The majority of superannuation assets may be held by fund members 50 years and over, but that isn’t easing the anxiety of pre-retirees, who are increasingly worried about how they will fund their retirement.
A new report from asset management group Fidelity International, ‘Building better retirement futures’, cited CoreData’s Best Possible Retirement research, which shows that 64.5 per cent of pre-retirees admit to being worried about being able to fund their retirement.
That might be understandable for those with low superannuation balances, but the research also showed that 56.3 per cent of those with superannuation balances of $750,000 to $1 million were still worried about funding their retirement.
According to the report, these worries really only start to recede when an individual has accumulated $1 million or more in their superannuation accounts.
Only 13.7 per cent of pre-retirees believe that they will have adequate financial resources to do everything they want in retirement, while 43.9 per cent of pre-retirees expected a reasonable retirement life, while accepting that some of their wants and desires would go unfulfilled.
Last year, YourLifeChoices surveyed 3000 members for its Financial Security in Retirement survey, which found that people with more savings tended to have more income for retirement and a greater chance of being happy with that income.
That YLC survey also highlighted concerns over losses resulting from the COVID-19 pandemic, with the research showing that people disliked a loss more than twice as much as they liked an equivalent gain.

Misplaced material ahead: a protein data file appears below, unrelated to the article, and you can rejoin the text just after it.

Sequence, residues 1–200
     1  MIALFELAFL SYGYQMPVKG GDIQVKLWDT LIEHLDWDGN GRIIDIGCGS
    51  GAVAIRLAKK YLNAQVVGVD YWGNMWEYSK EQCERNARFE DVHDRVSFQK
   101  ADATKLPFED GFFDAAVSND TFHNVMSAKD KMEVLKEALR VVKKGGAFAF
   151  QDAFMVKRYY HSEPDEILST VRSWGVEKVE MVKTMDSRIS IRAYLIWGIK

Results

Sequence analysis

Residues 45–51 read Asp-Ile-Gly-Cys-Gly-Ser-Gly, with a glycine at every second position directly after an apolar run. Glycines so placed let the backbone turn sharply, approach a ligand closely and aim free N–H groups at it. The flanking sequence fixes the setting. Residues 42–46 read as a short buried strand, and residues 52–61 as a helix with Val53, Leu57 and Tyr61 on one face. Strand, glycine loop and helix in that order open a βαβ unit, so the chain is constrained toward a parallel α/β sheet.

Fidelity International’s head of retirement, Richard Dinham, said that retirees had good reason to be worried about losses in their retirement savings.
“Retirees still need to take appropriate investment risk to address inflation and longevity risks, but there also needs to be a focus on the impact of market volatility on retirement outcomes,” Mr Dinham said.
“Limiting losses in retirement has a more powerful effect on long-term growth than capturing the full upside of market gains.
“A 10 per cent investment loss requires an 11 per cent gain to simply return to the original point before the loss occurred. A 20 per cent investment loss requires a 25 per cent gain, and so on, to the point where a 50 per cent loss needs a 100 per cent gain to simply return to the original balance.”
Mr Dinham said that while people were aware of the compounding when it came to the positive aspects of saving, few were aware of the negative effects during decumulation.
“The bulk of superannuation assets are now held by fund members aged over 50,” Mr Dinham said.
“As this shift has happened … there is a growing recognition that more thought needs to be given to strategies for drawing down accumulated savings in the form of income over the lifetime of retired investors.”
How much money do you think will be sufficient for a comfortable retirement?
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